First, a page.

I and Francoise have a particular difficult problem on which pressure was being put on us to react in some manner or form.
In my dealings with people I tend to assume perhaps naively that their standards are moral and they will tell the truth. Unfortunately in this day and age (and probably in all days and ages) there are some who for various reasons do not tell the truth. Perhaps it is the survival instinct. Perhaps it is fear.
A friend visited from the Sheffield area and kindly came down to Somerset to visit us. We talked yesterday evening and then this morning. At the end of this time I had a far clearer idea of my priorities and objectives. When I keep an idea to myself there is usually too much emotion attached for me to be objective. Yes, survival and pride comes into it also.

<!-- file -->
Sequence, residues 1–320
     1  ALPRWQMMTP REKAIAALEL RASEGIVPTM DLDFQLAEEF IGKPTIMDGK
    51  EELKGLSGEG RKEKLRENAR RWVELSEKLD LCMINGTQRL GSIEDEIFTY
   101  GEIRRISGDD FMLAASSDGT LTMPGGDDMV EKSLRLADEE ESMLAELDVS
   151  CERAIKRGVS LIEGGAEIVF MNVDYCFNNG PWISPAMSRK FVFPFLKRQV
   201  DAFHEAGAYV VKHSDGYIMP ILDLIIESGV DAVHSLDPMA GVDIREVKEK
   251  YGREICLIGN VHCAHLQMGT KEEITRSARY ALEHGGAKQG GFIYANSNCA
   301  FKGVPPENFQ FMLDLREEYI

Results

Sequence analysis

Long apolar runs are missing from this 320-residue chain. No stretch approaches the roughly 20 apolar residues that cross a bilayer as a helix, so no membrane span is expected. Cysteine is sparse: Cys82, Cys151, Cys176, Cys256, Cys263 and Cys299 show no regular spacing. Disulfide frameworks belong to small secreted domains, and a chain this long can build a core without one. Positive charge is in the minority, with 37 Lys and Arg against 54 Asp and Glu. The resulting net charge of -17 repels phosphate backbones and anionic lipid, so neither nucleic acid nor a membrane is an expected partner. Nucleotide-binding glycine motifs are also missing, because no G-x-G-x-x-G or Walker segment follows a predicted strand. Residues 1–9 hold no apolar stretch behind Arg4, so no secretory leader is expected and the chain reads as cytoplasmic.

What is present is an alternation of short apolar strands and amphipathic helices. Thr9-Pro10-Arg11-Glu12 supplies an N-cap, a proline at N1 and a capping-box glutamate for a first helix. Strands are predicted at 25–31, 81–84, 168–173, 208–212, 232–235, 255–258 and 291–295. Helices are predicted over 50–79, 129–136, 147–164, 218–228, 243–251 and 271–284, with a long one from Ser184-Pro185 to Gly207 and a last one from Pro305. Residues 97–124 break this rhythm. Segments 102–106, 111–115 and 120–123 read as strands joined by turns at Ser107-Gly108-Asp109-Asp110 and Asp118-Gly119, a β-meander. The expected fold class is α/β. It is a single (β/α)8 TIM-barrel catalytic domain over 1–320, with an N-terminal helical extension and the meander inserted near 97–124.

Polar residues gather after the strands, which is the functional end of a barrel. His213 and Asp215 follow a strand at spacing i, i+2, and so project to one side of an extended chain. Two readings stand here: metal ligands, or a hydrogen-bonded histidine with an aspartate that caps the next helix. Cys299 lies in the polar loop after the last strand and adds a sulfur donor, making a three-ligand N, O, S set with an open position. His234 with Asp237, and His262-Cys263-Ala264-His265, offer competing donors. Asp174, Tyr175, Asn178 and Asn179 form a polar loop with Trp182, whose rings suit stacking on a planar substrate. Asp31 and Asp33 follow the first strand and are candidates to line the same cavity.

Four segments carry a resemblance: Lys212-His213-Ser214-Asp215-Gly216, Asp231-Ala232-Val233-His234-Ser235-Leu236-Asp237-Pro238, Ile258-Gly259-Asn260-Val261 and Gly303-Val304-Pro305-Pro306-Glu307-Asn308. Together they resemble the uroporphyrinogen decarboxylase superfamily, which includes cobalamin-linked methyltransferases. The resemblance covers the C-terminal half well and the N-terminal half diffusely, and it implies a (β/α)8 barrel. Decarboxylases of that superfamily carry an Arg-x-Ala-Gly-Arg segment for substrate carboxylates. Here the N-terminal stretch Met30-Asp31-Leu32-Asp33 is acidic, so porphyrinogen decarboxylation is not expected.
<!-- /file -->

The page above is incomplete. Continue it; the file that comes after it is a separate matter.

Sometimes (probably most times) our emotions are bundled up with facts, some of which may be true, others of which may not be true. We can sincerely believe something is true because of misinformation or Chinese whispers. We can dislike the person we are dealing with and this can obscure our view. We may need to repeat something several time to ‘get it off our chest’.
It is difficult to find people who really do care so that when you speak you are really listened to. My friend was such. I feel this could be part of our intended practice. The two of us working together give a very good secure space – non-judgemental – for the client or patient to work out what they want, why they should want it, and what is important.
Onward and upwards as they say.